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“I was beginning to be really concerned about the idea of going into marketing. I knew I was going to have a lot of challenges with job prospects, and I was starting to see companies with hiring freezes and friends with rescinded offers.” -- Wake Forest University Class of ’21 student.

She wasn’t the only one. Because of the pandemic, many students were facing and continue to be faced with the possibility of having to pivot on their career plans. And while students changing their minds about what they want to do after graduation is not unusual, the pandemic has forced this choice on some. Now, students who originally planned on landing a full-time job are considering grad school, they may be rethinking their career choices, and some are even deciding to graduate earlier or later than they had originally planned.

In the latest Student Voice survey from Inside Higher Ed and College Pulse, with support from Kaplan, 2,000 undergraduate students were asked how the pandemic has changed their decisions about when to graduate and what to do after graduation.

  • Around one in four students decided to graduate earlier or later than originally planned.
  • About the same number of students decided to change what they wanted to do after graduation.

The pandemic has taken its toll on a lot of people, and college students are not exempt from the stress and fatigue of the situation. For many, classes were abruptly shifted to virtual, and it wasn’t an easy transition for all students. When I asked one Wake Forest junior about how virtual courses were going, she responded, “Classes feel harder, like there is more work than ever before.”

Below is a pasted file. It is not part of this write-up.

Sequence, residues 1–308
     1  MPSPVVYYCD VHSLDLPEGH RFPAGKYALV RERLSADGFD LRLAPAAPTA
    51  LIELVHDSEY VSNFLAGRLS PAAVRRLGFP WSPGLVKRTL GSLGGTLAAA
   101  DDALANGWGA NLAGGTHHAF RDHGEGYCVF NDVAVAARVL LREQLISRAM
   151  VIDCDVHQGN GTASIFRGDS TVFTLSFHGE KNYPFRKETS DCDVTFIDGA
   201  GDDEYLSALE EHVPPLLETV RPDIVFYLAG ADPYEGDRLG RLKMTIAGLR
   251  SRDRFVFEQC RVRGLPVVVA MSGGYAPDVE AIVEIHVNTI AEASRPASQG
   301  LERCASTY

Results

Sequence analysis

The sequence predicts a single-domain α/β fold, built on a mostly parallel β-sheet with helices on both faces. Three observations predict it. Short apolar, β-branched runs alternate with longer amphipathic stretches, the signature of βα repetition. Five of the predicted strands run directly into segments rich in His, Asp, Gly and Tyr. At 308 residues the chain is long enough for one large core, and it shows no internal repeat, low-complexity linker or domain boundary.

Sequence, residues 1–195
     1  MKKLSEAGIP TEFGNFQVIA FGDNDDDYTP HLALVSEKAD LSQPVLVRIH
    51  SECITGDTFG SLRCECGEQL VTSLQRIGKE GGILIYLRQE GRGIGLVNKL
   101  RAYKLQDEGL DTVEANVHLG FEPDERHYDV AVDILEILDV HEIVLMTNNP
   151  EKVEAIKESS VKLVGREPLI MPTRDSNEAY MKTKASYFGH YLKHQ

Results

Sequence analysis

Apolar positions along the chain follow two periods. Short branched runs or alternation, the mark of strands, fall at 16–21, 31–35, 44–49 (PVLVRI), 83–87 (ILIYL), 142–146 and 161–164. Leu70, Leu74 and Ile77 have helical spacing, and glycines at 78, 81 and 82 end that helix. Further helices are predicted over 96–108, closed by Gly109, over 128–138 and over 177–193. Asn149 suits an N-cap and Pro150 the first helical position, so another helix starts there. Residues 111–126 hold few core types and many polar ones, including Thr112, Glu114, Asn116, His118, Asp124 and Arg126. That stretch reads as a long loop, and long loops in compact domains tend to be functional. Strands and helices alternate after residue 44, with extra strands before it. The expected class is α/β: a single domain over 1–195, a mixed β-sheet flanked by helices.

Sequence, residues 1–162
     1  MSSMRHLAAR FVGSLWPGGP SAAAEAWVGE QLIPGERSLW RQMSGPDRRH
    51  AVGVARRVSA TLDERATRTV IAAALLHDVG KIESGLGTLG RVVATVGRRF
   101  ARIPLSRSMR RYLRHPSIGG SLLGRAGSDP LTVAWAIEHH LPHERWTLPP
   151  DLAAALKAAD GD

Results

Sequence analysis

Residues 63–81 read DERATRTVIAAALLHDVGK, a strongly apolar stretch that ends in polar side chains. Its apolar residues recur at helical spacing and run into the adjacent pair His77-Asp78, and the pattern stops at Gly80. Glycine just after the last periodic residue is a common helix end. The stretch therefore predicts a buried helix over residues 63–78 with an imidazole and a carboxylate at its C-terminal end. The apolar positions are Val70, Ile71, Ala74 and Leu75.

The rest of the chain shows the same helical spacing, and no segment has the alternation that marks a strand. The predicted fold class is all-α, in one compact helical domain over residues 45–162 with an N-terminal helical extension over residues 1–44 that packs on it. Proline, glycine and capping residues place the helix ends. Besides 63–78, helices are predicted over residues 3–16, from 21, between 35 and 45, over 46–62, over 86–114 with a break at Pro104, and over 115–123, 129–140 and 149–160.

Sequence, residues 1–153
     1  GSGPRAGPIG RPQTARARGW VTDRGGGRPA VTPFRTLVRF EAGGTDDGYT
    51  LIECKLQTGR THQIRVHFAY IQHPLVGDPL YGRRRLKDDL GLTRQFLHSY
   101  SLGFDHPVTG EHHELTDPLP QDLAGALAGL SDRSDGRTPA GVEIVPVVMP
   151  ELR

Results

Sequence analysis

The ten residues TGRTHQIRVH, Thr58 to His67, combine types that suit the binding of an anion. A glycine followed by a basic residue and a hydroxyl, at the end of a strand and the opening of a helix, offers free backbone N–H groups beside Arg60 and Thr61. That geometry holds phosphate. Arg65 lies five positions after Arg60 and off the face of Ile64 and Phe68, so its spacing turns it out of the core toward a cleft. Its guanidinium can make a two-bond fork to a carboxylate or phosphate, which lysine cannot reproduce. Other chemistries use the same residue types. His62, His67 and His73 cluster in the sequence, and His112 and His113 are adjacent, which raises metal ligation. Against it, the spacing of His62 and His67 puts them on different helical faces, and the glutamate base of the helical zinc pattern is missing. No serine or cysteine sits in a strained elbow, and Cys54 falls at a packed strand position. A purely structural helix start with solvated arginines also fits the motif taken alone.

“Mentally and emotionally, students were struggling and are continuing to feel the effects of the pandemic,” says my colleague Heidi Robinson, assistant vice president of career education and training.

On top of navigating virtual learning, students were also dealing with instantly losing their social lives and having to coordinate classes in different time zones. Some students may have been unable to access virtual content, and others needed a mental break. “Students were trying to survive the challenges of remote learning, or to wait and see if they could access a more typical college experience even if it meant extending another semester,” Robinson explains.

Then there were others who decided to graduate early. Some students, fearing financial instability and not wanting to incur another semester’s worth of tuition, decided to enter the workforce instead of spending the traditional four years as an undergraduate. Still others, tired of the restrictions and lack of social life on campus, didn’t see the need to stay when they already had enough credits to graduate.

Not unexpectedly, more students chose to go to graduate school instead of entering the workforce. Students experienced a similar situation during the Great Recession in 2008. When the economy is good, more students enter into the job market, and when there is uncertainty and instability, graduate schools see an increase in applications and enrollment. Some schools were seeing a 35 percent increase in applications compared to the year before. Wake Forest saw a 3 percent increase in students going to grad school for the Class of 2020 compared to the class before them.

Here are three essential strategies career centers can deliver to students when career plans change.

1. Provide a process.